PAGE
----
According to the private reckoning of many diplomats here, however, the government troops have become overextended not only because of increasing guerrilla strength, but also because of their brutal tactics in dealing with the civilian population and a military inefficiency bordering on incompetence.
Robert S. Leiken, a fellow and director of the Soviet Latin America project at the Georgetown Center for Strategic and International Studies, is a recognized specialist who has written regularly of his belief that the Soviet Union is the principal danger to freedom and stability in the Third World. In September testimony before the House inter-American affairs subcommittee following a trip to Central America, Leiken said he believed U.S. policy in Central America may be helping Soviet aims rather than frustrating them.
Leiken described the Salvadoran armed forces as "a peasant army with a small officer corps, desperately short of noncommissioned and lower level officers.
"The average infantry company" he said, "contains one officer, one or two noncoms and 100 illiterate and ill-trained peasants, grievously deluded as to what they will encounter on the battlefield. National Guard troops are better trained, but both forces lack flexibility, reliability, discipline and esprit de corps. The Salvadoran forces are short on pilots, helicopters, radar communication and transport equipment, but these deficiencies are secondary compared with the flaws in personnel.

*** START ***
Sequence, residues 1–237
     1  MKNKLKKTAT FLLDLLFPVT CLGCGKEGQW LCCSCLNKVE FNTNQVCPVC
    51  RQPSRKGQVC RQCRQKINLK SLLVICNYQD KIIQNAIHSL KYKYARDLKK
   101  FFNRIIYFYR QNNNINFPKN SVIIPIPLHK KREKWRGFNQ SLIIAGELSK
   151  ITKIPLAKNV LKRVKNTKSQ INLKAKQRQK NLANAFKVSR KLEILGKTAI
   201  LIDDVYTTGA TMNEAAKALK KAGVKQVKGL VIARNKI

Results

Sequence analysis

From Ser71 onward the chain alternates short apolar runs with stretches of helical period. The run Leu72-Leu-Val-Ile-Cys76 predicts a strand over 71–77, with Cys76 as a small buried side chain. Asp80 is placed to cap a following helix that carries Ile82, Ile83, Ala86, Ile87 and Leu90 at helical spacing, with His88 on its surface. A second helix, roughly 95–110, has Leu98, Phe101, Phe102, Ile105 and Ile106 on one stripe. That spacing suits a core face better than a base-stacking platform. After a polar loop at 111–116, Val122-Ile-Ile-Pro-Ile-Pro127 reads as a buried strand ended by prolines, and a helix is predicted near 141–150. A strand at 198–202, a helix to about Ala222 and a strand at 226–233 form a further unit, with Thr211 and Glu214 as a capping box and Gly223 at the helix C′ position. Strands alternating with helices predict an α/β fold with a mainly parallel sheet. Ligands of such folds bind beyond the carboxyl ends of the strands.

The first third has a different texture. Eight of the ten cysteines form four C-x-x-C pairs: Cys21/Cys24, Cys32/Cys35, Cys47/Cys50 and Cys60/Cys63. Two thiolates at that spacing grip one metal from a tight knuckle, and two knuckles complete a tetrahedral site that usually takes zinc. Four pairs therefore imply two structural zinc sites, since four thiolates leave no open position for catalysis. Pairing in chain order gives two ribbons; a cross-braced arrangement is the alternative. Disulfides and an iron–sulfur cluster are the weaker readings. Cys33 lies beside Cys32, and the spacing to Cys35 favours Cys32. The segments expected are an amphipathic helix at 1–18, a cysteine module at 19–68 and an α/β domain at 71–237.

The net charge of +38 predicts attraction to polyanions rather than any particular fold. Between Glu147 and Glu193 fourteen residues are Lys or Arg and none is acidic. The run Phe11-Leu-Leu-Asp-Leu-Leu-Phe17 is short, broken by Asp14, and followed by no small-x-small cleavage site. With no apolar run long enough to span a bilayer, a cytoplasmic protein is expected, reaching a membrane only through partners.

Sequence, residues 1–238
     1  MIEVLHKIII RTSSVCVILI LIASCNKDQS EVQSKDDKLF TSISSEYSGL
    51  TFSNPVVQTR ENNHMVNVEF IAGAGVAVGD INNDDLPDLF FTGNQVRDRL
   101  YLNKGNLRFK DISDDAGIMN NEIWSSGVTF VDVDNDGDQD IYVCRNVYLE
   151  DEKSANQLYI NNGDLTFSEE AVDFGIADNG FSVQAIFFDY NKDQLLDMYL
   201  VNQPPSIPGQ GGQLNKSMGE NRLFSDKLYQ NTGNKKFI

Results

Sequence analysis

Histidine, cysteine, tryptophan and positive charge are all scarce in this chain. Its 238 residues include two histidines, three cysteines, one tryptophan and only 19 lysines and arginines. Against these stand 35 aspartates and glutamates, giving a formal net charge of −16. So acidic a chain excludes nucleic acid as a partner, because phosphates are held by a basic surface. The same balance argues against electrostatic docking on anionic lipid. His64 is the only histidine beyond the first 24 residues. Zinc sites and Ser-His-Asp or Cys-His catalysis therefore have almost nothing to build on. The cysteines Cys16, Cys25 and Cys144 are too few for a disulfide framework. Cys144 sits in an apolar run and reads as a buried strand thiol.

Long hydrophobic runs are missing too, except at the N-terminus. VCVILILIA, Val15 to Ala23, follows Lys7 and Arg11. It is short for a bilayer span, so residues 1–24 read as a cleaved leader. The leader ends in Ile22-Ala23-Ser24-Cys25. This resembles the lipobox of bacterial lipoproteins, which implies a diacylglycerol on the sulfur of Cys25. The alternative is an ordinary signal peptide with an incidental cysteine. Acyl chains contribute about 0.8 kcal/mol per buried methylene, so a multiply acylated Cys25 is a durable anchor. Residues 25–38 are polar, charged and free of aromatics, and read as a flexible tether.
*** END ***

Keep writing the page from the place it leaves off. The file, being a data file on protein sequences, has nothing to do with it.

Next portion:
"I heard a report of considerable demoralization among the officer corps, and military atrocities continue. There may have been marginal improvement in the National Police and the National Guard, but not in the Treasury Police nor in the Army where the situation has gotten worse. The newest feature is the appearance of decapitations and mutilations on a large scale."
The United States has agreed to provide the Salvadoran military with $63 million in assistance this year. The amount programmed for 1982 is significantly less. Although a reassessment of El Salvador's needs is under way in light of the current military situation, Congress has sought to place restrictions on assistance pending presidential determination that the Salvadoran armed forces are not violating human rights of civilians, and that the government is pursuing a negotiated settlement with the left.
There is little doubt that the military is in need. A soldier in Chalatenango who said he was forcibly recruited last year from his home town complained of having received no pay in the last six months. A National Guardsman in the Zacatecoluca garrison, whose salary is $180 a month, said he is terrified: "We don't have enough food. If an officer is wounded he gets medical attention and a helicopter. We get nothing."
Only the elite Atlacatl Brigade, beneficiary of most of the training provided by up to 50 U.S. military advisers currently stationed here, exhibits esprit de corps and fighting efficiency. There are only 1,000 of them, moving constantly from one conflict area to another. In addition, the search and destroy, scorched-earth tactics that refugee peasants accuse the brigade of using are not winning the government more support.
In August, the FMLN launched another offensive that apparently was intended to bring the war to the city, long a showcase of normality. Eighty electrical power stations were dynamited, leaving San Salvador with no electricity for at least 10 days.